Sometimes I forget how enjoyable straight-up old-school horror can be. You know, the stuff I grew up on? When it’s done well, as is the case with W.J. Renehan’s novella Night’s Harbor, it’s a hell of a lot of fun.
At first I was a little worried since this is a vampire story, and we certainly don’t need any more romantic fang-whores littering up our literary world. No thank you. Luckily, Renehan has opted for vamps of the vicious variety. I mean, no joke, these bastards are fugly inside and out, and they do some extremely nasty things to some of the characters that even shocked me a little. Yup, Renehan is not afraid to go to some dark, dark places many authors will not explore, which I can appreciate. I mean, this is horror, right? Not a happy-go-lucky skip through Candyland while holding hands with Santa Claus.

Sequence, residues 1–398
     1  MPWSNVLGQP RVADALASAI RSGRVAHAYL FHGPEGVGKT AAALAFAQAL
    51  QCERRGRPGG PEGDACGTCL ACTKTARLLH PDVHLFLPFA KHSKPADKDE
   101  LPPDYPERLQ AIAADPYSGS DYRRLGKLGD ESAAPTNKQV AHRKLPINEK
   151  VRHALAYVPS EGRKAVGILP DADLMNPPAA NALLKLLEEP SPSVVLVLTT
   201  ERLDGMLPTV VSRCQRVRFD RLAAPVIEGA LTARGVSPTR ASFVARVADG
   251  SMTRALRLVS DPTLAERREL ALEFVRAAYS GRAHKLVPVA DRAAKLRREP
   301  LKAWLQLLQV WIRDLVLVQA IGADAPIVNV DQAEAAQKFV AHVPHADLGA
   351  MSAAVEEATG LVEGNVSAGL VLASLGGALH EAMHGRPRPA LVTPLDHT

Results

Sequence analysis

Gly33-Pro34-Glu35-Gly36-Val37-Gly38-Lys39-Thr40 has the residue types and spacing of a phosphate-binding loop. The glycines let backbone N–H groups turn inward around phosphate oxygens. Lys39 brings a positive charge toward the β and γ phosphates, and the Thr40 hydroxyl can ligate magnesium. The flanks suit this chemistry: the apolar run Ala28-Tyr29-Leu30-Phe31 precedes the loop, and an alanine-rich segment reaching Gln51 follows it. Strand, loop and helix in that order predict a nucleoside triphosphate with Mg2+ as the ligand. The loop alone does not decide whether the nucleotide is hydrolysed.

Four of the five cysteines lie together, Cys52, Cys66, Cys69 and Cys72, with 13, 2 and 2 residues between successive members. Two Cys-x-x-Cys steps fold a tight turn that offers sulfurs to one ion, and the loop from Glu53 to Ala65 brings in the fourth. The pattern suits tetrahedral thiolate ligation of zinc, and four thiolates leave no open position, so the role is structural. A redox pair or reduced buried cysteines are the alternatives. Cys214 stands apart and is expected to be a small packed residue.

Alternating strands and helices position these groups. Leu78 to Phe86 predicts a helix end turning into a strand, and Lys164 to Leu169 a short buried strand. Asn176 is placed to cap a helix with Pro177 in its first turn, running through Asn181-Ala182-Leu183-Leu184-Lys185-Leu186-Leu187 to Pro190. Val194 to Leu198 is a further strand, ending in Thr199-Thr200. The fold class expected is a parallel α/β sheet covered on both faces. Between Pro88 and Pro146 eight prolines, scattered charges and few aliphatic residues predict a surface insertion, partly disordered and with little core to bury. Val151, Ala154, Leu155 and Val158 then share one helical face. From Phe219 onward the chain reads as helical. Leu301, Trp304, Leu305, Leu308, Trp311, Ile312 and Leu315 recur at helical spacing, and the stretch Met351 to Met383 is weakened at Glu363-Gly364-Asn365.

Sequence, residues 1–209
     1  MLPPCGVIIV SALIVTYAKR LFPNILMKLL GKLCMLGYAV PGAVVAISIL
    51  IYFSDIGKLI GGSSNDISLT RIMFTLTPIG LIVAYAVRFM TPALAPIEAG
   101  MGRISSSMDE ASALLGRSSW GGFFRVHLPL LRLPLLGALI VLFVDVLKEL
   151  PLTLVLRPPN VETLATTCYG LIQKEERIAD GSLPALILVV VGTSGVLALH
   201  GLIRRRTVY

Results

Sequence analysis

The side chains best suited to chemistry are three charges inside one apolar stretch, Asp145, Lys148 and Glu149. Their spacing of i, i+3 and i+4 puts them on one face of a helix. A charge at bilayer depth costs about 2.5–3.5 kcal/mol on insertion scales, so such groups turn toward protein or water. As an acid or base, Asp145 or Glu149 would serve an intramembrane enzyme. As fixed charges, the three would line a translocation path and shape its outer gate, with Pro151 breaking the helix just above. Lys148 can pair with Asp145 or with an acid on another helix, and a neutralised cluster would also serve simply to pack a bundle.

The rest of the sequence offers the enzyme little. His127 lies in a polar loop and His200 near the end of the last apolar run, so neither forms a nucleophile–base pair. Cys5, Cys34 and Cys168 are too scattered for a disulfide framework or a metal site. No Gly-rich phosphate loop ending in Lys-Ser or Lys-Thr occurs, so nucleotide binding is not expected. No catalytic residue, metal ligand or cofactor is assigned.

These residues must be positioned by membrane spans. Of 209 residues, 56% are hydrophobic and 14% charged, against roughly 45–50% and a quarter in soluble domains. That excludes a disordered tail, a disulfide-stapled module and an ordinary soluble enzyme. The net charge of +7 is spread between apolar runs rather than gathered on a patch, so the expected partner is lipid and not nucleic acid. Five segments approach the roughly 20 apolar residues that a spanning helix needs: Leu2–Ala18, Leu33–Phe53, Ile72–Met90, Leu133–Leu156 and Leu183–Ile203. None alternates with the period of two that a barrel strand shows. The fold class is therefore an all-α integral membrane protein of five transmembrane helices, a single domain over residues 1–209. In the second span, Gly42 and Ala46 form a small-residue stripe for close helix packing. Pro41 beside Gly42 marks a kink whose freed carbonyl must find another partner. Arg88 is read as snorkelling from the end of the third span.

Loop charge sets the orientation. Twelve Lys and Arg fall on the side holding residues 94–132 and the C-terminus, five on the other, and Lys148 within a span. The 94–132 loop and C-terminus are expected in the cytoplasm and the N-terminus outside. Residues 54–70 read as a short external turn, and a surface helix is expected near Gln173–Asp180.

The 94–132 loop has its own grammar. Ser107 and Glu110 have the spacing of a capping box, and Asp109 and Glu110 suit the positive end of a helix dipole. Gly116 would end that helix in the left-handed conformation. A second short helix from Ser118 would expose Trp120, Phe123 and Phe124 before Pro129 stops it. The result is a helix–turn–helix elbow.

The setup to this story is very basic. Vamps taking over a town, slaughtering or turning its denizens one by one, seeking something that could allow them to essentially take over the world, and the town (most notably a former sheriff and an old vampire hunter) must fight to protect humanity, both their own and as a whole. What makes this novel work well and stand out is Renehan’s superior command of prose. Not only is it very tight, but he allows enough flourishes of language to solidifies him as a solid all-around writer.
If I were to complain about anything, it’s that I wish this were a novel rather than a novella, mostly because I would have liked a little more breathing room to further develop some of the minor characters. The main players are developed well, considering the space constraints, but I would have loved a few more chapters with some of the other characters, specifically those who fall victim to the vampires and have some seriously horrible fates. It would have made the already strong impact even stronger.
All in all, I was impressed and look forward to reading more of Renehan’s work, especially when I get the hankering for a primo modern take on classic horror.